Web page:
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Vuelta De PEZ: The Road To Isidoro!
PEZ Roadside St.14: Oviedo is glorious today, the shadows are long on the big boulevards and the sun sparkles on the plumes from the fountains; but on the horizon are those montagnes… It’s gorgeous country and Ed Hood drives the stage 14 ruta…


Kilometre zero, Oviedo and it’s climbing already, ideal breakaway country; rolling, twisting, it wouldn’t take long to be out of sight and out of mind.



The first climb isn’t too brutal, up to El Padrun, where lies an amazing bar. There’s no sign, just a door and a window, it was originally a chemist’s shop back in the early 50′s. The dust is thick on the bottles and Franco still stares down from the wall.





One bottle of cider and we have to go.

The descent starts right away, Asturian forest to the left, whilst across the valley, the Angliru watches and waits.


The Basques aren’t the only ones…

The second climb is the San Tirso, it winds past a red lead painted mine winding tower – we get emotional; it reminds us of Scotland.



It’s a big ring job, not too severe and it wanders up through sleepy villages. The descent starts right away, through lush deciduous forest to Sotrondio, where the cops tow away cars that are parked on race route. One end of the village is out of a John Wayne movie about Mexican banditos, the other end has hi tech concrete over passes.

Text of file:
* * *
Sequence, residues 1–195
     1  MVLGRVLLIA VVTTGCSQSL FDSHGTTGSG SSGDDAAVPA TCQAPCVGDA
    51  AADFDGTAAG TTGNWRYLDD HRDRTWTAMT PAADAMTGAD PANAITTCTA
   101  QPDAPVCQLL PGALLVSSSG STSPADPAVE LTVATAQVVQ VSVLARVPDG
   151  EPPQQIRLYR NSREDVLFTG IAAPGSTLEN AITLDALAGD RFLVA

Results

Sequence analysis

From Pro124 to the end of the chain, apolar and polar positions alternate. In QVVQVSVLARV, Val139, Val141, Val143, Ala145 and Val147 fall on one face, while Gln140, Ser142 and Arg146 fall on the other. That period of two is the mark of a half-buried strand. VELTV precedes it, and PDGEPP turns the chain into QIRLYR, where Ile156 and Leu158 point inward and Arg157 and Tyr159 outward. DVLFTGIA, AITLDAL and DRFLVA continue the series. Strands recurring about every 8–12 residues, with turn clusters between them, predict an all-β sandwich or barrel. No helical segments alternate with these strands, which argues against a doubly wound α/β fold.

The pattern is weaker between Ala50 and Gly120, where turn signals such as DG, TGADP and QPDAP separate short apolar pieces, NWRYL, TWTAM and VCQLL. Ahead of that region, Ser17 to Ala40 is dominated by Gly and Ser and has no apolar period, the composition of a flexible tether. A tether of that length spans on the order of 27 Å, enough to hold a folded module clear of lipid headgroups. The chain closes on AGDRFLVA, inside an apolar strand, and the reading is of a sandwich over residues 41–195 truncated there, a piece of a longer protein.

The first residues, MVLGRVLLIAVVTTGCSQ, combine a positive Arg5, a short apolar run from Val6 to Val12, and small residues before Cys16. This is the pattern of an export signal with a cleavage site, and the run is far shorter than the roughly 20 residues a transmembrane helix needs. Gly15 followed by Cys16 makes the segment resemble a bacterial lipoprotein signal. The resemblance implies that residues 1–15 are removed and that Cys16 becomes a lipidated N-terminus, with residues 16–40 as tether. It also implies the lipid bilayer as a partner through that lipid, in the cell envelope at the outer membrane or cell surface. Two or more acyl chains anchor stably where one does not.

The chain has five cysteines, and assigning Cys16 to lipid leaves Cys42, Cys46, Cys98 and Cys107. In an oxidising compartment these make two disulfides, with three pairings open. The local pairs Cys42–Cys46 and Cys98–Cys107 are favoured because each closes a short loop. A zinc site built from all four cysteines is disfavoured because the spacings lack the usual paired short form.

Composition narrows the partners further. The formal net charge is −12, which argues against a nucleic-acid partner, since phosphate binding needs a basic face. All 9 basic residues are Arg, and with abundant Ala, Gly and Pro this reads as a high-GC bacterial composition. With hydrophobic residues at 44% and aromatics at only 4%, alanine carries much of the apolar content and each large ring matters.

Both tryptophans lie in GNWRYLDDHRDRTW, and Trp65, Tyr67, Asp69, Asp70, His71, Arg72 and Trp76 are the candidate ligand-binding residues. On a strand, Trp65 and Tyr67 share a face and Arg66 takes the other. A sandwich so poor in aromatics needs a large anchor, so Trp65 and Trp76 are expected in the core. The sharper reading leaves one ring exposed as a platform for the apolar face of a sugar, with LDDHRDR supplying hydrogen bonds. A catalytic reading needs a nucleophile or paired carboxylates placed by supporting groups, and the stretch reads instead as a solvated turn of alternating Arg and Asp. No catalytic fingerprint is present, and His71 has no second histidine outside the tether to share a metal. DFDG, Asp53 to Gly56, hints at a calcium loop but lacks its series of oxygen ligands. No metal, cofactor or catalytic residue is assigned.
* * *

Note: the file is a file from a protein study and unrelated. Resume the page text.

The third climb – San Emiliano – is just a long steady sweep of fast tarmac, We drop to Mieres with Kiss FM giving us another Bruce Springsteen track – he’s very popular here.



Mieres isn’t glamorous, there are industrial estates, hyper markets and you can never forget the mines – just along the road there’s an underground loco and wagon set beside the road as a reminder of what pays the bills around here.



The fourth climb is a ‘real’ one – the cat 1 Colladona; take a 90 degree left and reach for the front mech changer! Earth banks with heather to one side and forest on the other side.



The top is the top, no messing and off down a tricky descent where the sunlight, shade and shadows make it hard to read. A good descender would chew back time here.

The valley road from Laviana to Sotrondio is uninspiring; “any town Espana” with big ‘projects’ for the miners to live in – until the coal runs out.

The Colladiella is the fifth climb, cat 1 and very technical – twisty, turning, narrow.



‘Che lives’ on the bus stop wall as we wind skywards.

The fences up here are of traditional Asturian construction, no fancy lumber, just branches interwoven.



It would be a good hill for a break to go on, the line of sight is only ever 50 metres.

The views from the top are wonderful, but the prime banner has collapsed and no one seems that bothered – manana! The descent is long, long, long and demands respect – start dreaming and you’ll end on someone’s roof or in the trees.



There are more mines before we rejoin the valley road – the Colladona and Colladiella are on a loop, which means that one stretch of pretty boring flat road must be ridden twice.